BENGALURU: has made austerity the government motto, but the spending on legislators’ perks tells another story. At a time when call and data tariffs have plummeted, legislators take home up to Rs 20,000 a month on telephone allowance; their medical bills running into lakhs are reimbursed, though most never go to mandated government hospitals.

Every legislator is entitled to Rs 20,000 per month towards and the amount is credited as part of their salaries. A staff of the assembly secretariat said legislators don’t have to provide bills to claim the amount. As a result, the state exchequer is losing nearly Rs 7.2 crore on telephone allowances of 299 legislators (including 75 MLCs) every year.

Activists wonder why the state government is shelling out such a hefty amount when the aam aadmi gets unlimited calls and data packs for just Rs 500 for 80-90 days.


Former govt spent Rs 16 crore on treatment of MLAs, kin

It shows how legislators are misusing taxpayers’ money. When we are getting unlimited calls and internet for just Rs 500 for three months, MLAs are pocketing Rs 60,000 for three months as phone allowance. Let the government give them two Sim cards instead of one, but let them stop the allowance,” said RTI activist Bhimappa Gadad from Belagavi. “Most MLAs go incommunicado and their personal assistants handle their calls.”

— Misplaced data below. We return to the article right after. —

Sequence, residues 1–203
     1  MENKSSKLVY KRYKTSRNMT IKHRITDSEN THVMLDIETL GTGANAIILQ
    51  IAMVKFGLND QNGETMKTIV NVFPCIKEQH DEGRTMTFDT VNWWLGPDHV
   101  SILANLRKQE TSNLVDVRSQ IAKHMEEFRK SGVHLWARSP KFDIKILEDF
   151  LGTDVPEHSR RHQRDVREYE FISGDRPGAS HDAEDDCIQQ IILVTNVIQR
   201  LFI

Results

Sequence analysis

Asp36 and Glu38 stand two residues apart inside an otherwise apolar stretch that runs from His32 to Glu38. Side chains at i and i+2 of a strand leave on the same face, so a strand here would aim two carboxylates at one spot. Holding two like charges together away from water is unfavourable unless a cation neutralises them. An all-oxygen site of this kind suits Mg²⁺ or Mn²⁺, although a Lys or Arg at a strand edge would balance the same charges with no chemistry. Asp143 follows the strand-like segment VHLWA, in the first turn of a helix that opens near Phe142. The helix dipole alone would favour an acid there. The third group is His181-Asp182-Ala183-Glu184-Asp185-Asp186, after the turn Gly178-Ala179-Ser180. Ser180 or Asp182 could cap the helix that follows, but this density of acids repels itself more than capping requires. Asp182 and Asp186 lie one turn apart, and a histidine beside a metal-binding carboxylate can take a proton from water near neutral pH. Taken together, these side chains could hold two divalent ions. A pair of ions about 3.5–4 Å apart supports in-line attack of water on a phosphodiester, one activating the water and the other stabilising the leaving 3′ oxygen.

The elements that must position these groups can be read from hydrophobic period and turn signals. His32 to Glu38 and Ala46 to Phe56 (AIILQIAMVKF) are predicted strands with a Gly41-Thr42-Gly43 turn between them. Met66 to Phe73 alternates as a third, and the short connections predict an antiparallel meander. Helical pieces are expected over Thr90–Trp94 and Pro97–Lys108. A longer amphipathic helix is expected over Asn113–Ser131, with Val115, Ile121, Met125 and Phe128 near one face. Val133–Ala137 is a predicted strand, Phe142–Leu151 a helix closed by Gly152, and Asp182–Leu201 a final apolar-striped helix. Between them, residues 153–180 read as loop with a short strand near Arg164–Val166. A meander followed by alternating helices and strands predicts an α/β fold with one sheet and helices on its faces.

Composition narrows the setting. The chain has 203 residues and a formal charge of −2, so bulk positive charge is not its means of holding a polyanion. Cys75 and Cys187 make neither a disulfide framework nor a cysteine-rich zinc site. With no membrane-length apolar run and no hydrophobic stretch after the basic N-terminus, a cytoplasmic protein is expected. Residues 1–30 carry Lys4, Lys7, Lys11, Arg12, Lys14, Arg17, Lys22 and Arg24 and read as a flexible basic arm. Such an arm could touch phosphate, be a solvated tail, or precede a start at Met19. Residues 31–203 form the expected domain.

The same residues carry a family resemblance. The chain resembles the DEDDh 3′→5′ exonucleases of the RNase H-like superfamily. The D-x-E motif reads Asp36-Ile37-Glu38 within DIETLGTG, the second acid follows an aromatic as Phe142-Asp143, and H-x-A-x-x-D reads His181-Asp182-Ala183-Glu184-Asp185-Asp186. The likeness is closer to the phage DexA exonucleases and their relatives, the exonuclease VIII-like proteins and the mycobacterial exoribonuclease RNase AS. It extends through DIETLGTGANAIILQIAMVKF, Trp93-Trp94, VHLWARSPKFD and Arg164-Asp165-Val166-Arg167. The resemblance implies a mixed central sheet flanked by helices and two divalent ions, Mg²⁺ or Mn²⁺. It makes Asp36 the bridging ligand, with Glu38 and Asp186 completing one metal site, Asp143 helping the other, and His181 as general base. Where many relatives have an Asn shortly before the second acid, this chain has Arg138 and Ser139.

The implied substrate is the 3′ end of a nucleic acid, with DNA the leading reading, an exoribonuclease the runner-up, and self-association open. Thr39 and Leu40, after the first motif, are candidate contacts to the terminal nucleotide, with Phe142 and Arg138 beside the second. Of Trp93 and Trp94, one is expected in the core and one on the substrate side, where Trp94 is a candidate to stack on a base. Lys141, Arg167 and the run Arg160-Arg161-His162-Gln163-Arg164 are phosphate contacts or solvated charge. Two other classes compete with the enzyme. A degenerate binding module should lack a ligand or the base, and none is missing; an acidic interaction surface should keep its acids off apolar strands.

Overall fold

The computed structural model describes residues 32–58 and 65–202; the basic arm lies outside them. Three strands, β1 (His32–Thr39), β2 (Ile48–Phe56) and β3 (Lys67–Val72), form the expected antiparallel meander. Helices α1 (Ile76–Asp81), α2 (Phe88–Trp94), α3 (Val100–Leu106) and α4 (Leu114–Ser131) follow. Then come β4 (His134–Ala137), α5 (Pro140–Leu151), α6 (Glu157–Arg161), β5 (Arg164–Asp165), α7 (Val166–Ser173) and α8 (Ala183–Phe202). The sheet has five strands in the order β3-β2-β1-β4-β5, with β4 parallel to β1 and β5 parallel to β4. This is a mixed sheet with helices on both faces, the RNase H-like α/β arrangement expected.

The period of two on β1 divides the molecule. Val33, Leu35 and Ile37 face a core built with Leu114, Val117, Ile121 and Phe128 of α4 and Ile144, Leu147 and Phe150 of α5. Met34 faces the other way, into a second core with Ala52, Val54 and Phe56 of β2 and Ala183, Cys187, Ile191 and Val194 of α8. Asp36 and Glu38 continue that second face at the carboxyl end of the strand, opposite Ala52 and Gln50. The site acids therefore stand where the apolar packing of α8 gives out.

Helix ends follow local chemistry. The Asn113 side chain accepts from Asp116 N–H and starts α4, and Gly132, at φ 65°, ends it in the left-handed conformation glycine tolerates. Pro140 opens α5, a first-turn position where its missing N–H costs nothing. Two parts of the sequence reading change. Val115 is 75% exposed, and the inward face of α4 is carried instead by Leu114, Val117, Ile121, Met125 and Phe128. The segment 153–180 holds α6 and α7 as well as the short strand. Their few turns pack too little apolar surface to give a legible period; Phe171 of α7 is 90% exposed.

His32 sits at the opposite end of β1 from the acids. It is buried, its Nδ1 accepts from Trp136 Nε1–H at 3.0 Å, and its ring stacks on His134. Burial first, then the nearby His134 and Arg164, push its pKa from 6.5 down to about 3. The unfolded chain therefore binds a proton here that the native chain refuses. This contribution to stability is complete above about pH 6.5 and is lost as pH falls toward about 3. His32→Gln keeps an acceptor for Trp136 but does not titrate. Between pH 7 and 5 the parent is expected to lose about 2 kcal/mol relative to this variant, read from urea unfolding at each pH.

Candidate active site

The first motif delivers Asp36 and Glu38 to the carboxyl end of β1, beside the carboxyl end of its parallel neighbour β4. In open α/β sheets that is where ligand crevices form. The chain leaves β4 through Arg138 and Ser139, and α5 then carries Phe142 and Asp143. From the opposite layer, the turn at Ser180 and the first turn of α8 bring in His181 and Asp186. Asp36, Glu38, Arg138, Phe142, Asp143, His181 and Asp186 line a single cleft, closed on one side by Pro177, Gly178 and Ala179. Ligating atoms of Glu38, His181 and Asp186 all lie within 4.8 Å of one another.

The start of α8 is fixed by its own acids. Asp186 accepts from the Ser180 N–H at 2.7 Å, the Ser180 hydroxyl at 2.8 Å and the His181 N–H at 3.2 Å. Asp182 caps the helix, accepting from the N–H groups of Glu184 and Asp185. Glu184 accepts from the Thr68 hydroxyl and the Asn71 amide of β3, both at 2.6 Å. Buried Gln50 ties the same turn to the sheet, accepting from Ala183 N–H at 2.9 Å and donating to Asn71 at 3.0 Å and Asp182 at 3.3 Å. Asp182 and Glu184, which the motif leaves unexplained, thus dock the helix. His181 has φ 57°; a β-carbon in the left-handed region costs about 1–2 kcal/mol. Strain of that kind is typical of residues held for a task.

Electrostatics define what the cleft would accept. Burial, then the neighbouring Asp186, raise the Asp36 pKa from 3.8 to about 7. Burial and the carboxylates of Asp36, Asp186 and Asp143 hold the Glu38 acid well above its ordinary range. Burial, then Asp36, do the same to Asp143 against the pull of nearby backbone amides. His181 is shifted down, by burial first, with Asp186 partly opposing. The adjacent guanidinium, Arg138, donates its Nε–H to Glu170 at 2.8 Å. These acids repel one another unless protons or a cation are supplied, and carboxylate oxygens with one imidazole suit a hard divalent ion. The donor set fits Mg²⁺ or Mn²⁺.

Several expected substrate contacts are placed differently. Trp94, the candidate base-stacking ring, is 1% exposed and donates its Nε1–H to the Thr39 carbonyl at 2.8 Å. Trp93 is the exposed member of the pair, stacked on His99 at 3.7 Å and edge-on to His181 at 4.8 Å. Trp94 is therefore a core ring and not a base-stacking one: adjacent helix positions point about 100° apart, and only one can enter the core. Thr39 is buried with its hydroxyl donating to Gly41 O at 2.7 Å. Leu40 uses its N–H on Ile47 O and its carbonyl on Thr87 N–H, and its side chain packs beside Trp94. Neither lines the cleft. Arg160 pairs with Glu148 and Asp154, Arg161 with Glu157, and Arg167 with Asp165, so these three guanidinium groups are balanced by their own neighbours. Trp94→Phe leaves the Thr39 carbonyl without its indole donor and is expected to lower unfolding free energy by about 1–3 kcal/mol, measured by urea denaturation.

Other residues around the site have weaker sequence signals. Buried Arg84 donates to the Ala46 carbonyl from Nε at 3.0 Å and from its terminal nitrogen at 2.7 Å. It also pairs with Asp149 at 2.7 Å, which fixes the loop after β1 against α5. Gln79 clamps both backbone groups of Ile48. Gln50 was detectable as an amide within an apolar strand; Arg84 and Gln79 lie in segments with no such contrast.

The spending on medical treatment is far more. The Siddaramaiah government spent a whopping Rs 16 crore on the treatment of sitting and former legislators and their families. About Rs 5.7 crore was spent on sitting MLAs and over Rs 10 crore on former MLAs.

Acknowledging the issue of soaring medical bills, speaker KR Ramesh Kumar had recently issued a circular to all MLAs, through legislative assembly secretary S Murthy, asking them to avail treatment only in government hospitals, barring emergencies. He has also warned that bills of MLAs who get treated at private hospitals without considering the option of government hospitals will not be cleared.

“Instead of reimbursing hefty bills from its coffers, the government should get medical insurance to all legislators,” suggested anti-graft activist Ravi Krishna Reddy. “Many firms offer health insurance at an affordable annual premium. It will also avoid scope for corruption.” Reddy said government hospitals, including Bengaluru Medical College Hospital and Victoria, are well-equipped to treat all kinds of diseases. “Why can’t legislators go there? If they don’t want to go to government hospitals, the government must stop reimbursing their medical bills,” he said.

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